Back when things looked bleak for San Diego State men’s basketball, I would often try to break up all the bitter text in my grim recaps with a few visual aids. One of my favorite crutches was the win probability chart, because, hey, why expend brainpower writing angry words about another brutal loss when you can let a line graph tell the grim tale for you.
Anyway, here is what those charts looked like back then.
Say, would you like to see the win probability chart for the Aztecs’ Mountain West Conference semifinal game against the University of Nevada-Reno on Thursday night?
The Brian Dutcher era at San Diego State started with talk of surrendering defense to facilitate scoring, and that talk mostly came to fruition. This year we’ve seen a faster tempo on offense, running in transition and jacking 3-pointers with impunity. At times it has been beautiful and thrilling. At others — all of late January and early February, for instance — it has been a galling disaster.
In the first round of the Mountain West Conference Tournament, we saw our Aztecs revert to a more familiar form. The Aztecs didn’t beat Fresno State on Thursday afternoon with transition buckets or long range marksmanship or anything even vaguely aesthetically pleasing. Instead, as Steve Fisher looked on approvingly from the stands, they brought out their pool cues and tire irons to beat Fresno back onto their team bus.
This game — a 64-52 final — was physical, offensively challenged and generally ugly as sin. If this was the first college basketball game I had ever watched, it might have been enough to steer me away from ever watching another one. But it was vintage SDSU.
I’ve muttered under my breath about Kameron Rooks at times this season. I’ve yelled at my TV for him to be removed from games. I’ve even poked a little good-natured fun at him on the popular website Twitter dot com. Chances are you have done these things, too.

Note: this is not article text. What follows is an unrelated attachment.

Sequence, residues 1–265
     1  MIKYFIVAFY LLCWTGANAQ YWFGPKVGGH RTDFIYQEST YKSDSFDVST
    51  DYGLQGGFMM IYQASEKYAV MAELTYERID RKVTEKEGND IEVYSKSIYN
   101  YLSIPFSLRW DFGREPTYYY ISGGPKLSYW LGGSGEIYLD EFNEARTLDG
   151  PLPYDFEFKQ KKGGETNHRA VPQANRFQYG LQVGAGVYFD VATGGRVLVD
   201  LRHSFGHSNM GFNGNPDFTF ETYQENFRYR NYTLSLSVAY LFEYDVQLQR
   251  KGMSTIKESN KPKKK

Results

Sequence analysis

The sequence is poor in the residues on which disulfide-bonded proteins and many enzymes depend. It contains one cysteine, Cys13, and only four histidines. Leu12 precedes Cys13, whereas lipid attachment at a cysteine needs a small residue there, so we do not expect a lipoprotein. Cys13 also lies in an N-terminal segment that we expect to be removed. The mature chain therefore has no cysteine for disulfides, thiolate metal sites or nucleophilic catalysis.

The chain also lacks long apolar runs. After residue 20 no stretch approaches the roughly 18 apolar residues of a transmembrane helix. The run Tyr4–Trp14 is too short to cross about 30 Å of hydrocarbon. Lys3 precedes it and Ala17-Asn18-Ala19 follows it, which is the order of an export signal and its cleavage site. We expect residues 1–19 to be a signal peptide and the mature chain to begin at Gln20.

It’s been a pretty rough year for the graduate transfer from Cal. He’s averaging just two points per game, and with the emergence of Jalen McDaniels and Nolan Narain, he has found himself increasingly garnering the dreaded DNP-coach’s decision.
I’ve always felt a little bad about metaphorically dunking on Rooks, for a couple of reasons. For one thing, he’s unpaid labor who doesn’t owe us shit. For another … well … it’s not like he doesn’t want to be more productive. Being the guy on a popular basketball team who everybody grumbles about has to kind of suck, right?
Rooks is, to use some absolutely loathsome sports-speak, what he is. He’s a 7-foot-1 Pac-12 recruit who looks like he should be better but just … isn’t. And even though it’s not his fault, it makes us angry! We think basketball is supposed to be easy when you’re that crazy tall, and we dismiss what freakish athleticism you need to be agile and nimble at that size.
All of this made Rooks’ glorious game of redemption tonight so damn satisfying.
The lifting of Malik Pope’s quasi-suspension on Tuesday probably did not change a lot in the grand scheme of things. The San Diego State men’s basketball team is still a long shot to win the Mountain West Conference Tournament (though certainly not as hopeless a long shot as before). It remains out of NCAA at-large contention. It probably isn’t going to make the NIT field, either.
But Brian Dutcher’s decision to reinstate Pope after the conclusion of the program’s internal investigation into the star senior’s borrowing habits did this much: It breathed needed life into Viejas Arena and created a fun, memorable Tuesday night in late February.
A raucous cheer went up among devout partisans today as a plume of white smoke rose from Hardy tower, signaling that San Diego State’s internal investigation conclave had reached a decision on provisionally-suspended senior forward Malik Pope. Praise the powers that be, for he is risen reinstated!